The word that is consistently translated as “eternal”, for example, is the Greek adjective “aionios”, derived from the noun “aion”, which is best translated “a span of time” “an age”. An “age” typically denotes a lengthy, yet finite period of time. “Aionios”, as an adjective based on that noun “aion“, need not carry greater weight than the noun it was based upon. If we take the English noun “day”, for example, and turn it into the adjective “daily”, then “daily” suggests the same time frame. A daily shower would not refer to a shower taken every week, or every year, but every day. So perhaps a better translation of “aionios” would be “age-lasting” or “pertaining to an age”. A number of respected early Christian writers described “aionios” punishment or fire as God’s way to eventually bring the punished souls back into fellowship with himself! Such uses of the term “aionios punishment” would make no sense if the term refers to punishment with no end. Additionally, such references to an end of hell’s punishments for the individual were often made without much explanation by the authors, which would suggest that ancient readers would not have noticed a linguistic or theological contradiction that would demand further explanation.
William Barclay, in his book "William Barclay: A Spiritual Autobiography", says that "aionios" denotes something that pertains to God, and the word for "punishment" (that is, the Greek word "kolasis"), which originally meant to prune trees, never denotes anything but remedial discipline. Thus, according to Barclay, the Greek terms which we have generally translated as "eternal punishment" are better thought of as meaning "that remedial/corrective punishment which God, and God alone, is fit to give".
Returning to what I discussed in the second section of this article, if eternal life is "eternal" because it is the quality of a life lived in communion with the Eternal, then the opposite of eternal life is "the quality of a life that is not lived in communion with the Eternal", rather than "torment of an eternal duration".
So I’ve shown how Christian scriptures, Universalism’s seemingly orthodox status for hundreds of years in the early church, and the Christian conception of God all support the doctrine of Universalism; as well as how scriptures which seem to contradict it may seem to do so because of misinterpretation. For these reasons, and for many other reasons I haven't discussed in this article, I believe that a Christian perspective invites a belief in universal salvation far more than it invites a belief in the salvation of only some. Due to the potential psychological and social impact of the widely proclaimed doctrine of eternal torment, I urge not only those of you who call yourselves Christians, but even those of you who aren’t religious, to closely examine these issues, lest we allow a dangerous error to continue thriving.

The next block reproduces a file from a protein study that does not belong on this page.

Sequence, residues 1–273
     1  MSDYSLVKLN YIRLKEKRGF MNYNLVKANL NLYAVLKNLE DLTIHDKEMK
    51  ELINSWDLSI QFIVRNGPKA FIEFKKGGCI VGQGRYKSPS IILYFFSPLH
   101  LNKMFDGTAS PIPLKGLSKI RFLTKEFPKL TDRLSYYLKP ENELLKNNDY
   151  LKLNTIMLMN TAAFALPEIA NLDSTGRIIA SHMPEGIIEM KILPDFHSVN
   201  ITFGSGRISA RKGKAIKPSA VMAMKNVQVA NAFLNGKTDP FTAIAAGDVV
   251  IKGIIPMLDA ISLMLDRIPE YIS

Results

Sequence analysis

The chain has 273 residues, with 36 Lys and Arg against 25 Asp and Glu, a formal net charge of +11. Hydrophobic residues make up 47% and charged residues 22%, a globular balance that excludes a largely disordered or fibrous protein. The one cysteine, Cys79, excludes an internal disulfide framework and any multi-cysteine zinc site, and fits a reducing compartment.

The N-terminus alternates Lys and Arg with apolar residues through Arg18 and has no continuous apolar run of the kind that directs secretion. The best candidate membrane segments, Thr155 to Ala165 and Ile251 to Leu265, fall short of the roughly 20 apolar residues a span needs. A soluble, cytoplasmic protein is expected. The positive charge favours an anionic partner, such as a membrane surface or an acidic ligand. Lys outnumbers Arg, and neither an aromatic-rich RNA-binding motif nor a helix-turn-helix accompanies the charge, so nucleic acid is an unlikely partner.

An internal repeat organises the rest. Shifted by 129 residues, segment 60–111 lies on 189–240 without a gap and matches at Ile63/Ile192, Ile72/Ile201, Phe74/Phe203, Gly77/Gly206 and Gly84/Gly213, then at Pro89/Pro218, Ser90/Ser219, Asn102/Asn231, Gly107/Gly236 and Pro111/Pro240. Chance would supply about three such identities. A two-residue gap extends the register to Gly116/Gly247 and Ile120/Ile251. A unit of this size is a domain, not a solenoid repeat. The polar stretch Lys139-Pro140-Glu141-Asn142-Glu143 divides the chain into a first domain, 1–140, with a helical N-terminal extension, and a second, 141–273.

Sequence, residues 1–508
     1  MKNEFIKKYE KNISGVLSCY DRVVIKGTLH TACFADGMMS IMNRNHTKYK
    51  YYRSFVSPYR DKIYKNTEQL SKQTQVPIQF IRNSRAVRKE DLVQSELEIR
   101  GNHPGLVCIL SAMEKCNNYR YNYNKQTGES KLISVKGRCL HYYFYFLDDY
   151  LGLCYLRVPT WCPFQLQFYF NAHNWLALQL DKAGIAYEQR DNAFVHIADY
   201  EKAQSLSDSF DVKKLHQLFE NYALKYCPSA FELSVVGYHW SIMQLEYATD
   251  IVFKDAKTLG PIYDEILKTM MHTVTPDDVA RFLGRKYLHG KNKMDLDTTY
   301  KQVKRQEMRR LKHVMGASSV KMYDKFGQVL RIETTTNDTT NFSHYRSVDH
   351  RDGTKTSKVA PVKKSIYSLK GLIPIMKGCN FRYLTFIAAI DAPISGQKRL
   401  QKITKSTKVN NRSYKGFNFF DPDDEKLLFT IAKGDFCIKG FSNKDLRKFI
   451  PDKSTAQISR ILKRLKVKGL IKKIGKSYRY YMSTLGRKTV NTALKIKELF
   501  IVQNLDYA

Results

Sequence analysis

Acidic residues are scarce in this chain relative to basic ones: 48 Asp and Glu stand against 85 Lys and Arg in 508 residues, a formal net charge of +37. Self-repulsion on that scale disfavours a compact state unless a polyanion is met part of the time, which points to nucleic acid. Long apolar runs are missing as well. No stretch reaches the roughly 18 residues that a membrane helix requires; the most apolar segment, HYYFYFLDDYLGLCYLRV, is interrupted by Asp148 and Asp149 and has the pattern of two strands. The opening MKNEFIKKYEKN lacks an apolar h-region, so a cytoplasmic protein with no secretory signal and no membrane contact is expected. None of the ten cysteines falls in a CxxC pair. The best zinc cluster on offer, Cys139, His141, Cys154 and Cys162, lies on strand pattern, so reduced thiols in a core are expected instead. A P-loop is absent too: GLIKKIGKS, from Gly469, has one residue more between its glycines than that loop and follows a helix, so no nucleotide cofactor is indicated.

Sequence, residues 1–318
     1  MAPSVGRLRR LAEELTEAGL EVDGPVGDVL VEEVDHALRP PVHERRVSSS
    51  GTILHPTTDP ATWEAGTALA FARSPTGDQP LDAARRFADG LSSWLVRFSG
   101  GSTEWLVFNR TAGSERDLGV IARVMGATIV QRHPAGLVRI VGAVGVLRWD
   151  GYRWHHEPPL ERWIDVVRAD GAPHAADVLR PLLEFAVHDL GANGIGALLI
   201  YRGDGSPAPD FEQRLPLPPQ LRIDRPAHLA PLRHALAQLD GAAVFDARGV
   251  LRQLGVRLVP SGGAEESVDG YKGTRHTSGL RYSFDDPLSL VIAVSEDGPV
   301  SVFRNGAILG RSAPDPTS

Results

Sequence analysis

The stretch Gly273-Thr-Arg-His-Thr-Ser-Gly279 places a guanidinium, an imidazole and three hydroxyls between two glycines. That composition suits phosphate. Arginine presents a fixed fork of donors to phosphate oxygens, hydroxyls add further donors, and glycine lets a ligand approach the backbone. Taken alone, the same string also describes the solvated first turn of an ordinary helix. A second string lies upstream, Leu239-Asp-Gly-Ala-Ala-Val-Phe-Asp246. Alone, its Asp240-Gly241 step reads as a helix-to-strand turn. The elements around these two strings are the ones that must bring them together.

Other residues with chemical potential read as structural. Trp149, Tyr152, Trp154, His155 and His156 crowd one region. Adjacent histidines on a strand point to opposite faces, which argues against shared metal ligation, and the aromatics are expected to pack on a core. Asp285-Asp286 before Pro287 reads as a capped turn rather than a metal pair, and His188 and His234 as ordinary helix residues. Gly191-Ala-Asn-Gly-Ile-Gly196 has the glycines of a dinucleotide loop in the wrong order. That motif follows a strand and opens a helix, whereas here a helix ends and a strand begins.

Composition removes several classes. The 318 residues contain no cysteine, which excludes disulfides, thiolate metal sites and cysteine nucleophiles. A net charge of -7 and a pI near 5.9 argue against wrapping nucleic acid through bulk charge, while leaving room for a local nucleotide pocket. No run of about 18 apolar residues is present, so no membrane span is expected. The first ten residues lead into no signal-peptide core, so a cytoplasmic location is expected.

Poll: Which choice best expresses what you believe about hell?
I don't know why I didn't add this option to the original poll. Adding now, 04-08-17
I believe in some form of reincarnation.
The author lovingly dedicates this article on November 6th, 2018, to the memory of two dear friends: Gary Amirault, who passed from this world on November 3rd, 2018, and his wife, Michelle Amirault, who preceded him in death on July 31st, 2018. Gary and Michelle lived their lives passionately in love with Love, and on behalf of Love. Indeed, this article would likely have never come to be, were it not for Gary and Michelle's love. Gary and Michelle tirelessly promoted what they called the "Victorious Gospel", otherwise known as Christian Universalism or Universal Reconciliation. In short, they proclaimed to the world that "Love Wins". Tentmaker Ministries is one of their most enduring legacies, and can still be found easily online.
Far more importantly, however, Gary and Michelle were both the embodiment of the kind of relentless love that they preached. They were the warmest, kindest, most hospitable people I have ever known. I believe that anyone who was graced with knowing them personally would say exactly the same thing.
Questions & Answers
If we think we may go to a place where we suffer for our own sins, then we are saying, "Jesus, Your work was not complete." I am a born again Christian and I have no fear of death. Death, where is your sting? You must trust His work was complete, and it is for you as well. Don't you think so?
Yes, I completely agree with you!Helpful 3
© 2010 Justin Aptaker